stipulates that the medical scheme must provide such protocol to healthcare providers, beneficiaries and members of the public upon request.
A formulary is a restricted list of medicines used to treat a specific medical condition that medical schemes pay without charging a co-payment. Formularies must be developed
on the basis of evidence-based medicine, taking into account considerations of both cost effectiveness and affordability. As with managed care protocols, even if there is scientific evidence for the efficacy of a specific drug, it may not be considered cost effective, affordable or appropriate in the South African environment.
When a formulary drug is clinically appropriate and effective; and the member knowingly declines the treatment and chooses to use another drug instead, the scheme may impose a co-payment.
As a member of a medical scheme you have the right to request the medical scheme covers the costs of the protocol that applies to your specific disease. Regulation 15I (b) stipulates that the medical scheme must provide such formulary to healthcare providers, beneficiaries and members of the public upon request.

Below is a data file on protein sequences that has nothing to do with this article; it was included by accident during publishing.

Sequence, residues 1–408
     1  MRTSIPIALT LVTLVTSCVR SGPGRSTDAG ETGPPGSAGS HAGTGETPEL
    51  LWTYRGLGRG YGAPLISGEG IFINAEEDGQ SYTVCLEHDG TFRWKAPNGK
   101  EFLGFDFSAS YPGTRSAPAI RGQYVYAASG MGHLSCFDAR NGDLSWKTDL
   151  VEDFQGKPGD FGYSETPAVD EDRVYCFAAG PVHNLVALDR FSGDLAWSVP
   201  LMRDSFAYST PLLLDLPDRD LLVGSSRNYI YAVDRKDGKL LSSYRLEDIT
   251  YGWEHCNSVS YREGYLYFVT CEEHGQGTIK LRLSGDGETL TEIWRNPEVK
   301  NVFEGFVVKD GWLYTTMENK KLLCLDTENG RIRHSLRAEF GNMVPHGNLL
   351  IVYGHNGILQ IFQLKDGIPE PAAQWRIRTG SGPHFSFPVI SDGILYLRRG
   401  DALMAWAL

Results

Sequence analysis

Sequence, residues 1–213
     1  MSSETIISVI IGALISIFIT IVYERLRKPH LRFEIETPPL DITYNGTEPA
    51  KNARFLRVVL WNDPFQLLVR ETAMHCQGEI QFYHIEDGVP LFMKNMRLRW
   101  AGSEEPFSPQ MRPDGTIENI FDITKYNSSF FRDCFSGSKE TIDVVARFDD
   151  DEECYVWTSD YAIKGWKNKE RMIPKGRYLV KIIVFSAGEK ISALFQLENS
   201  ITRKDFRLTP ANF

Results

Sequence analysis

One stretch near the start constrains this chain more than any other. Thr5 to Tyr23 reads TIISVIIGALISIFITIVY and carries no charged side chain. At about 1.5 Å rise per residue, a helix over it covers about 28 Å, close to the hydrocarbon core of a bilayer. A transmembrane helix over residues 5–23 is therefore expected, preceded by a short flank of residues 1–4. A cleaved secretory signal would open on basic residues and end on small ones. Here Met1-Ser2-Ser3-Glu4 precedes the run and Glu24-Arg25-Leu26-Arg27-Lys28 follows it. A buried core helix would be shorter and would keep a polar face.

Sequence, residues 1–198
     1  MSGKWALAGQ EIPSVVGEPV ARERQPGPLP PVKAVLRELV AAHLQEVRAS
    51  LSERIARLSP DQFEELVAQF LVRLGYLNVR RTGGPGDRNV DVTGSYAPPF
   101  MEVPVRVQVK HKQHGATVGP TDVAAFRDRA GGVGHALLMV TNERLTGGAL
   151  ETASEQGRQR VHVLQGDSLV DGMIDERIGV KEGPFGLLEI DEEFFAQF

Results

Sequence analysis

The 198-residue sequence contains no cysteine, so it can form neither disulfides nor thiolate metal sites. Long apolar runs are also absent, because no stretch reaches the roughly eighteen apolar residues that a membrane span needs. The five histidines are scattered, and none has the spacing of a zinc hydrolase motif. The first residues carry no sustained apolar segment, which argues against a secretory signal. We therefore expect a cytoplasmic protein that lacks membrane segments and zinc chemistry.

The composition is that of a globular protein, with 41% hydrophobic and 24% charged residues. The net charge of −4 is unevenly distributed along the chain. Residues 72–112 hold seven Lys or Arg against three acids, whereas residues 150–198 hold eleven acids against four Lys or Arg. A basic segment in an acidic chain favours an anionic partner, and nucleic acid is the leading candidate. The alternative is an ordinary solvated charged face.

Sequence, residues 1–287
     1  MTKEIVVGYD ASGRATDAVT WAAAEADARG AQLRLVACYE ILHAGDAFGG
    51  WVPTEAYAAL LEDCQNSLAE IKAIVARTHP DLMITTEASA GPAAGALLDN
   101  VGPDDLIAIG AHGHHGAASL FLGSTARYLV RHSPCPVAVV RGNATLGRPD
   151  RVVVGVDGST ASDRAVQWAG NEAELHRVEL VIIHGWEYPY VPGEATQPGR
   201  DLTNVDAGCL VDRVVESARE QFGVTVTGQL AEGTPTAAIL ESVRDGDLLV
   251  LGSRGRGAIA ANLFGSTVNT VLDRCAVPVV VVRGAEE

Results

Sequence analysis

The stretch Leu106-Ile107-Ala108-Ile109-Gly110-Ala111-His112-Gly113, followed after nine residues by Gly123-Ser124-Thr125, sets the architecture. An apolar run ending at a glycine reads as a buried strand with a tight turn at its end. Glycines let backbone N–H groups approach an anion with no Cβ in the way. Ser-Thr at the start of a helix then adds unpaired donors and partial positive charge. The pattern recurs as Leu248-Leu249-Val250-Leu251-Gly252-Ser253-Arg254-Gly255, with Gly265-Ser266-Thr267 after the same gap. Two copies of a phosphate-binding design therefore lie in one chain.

Although the regulations allow medical schemes to implement managed care protocols and formularies, there are instances where these principles cannot be enforced. Regulation 15H (c) and 15I (c) highlight certain exceptions.
15H. Protocols. —If managed health care entails the use of a protocol—
(c) provision must be made for appropriate exceptions where a protocol has been ineffective or causes or would cause harm to a beneficiary, without penalty to that beneficiary.
15I. Formularies. —If managed health care entails the use of a formulary or restricted list of drugs—
(c) provision must be made for appropriate substitution of drugs where a formulary drug has been ineffective or causes or would cause adverse reaction in a beneficiary, without penalty to that beneficiary.
Regulations 15H (c) and 15I (c) determine that medical schemes must make provision for appropriate exceptions where a protocol or formulary drug has been ineffective or has severe side-effects or cannot be used due to allergic reactions. In these cases the medical scheme must allow for the member to have different treatment without charging a co-payment.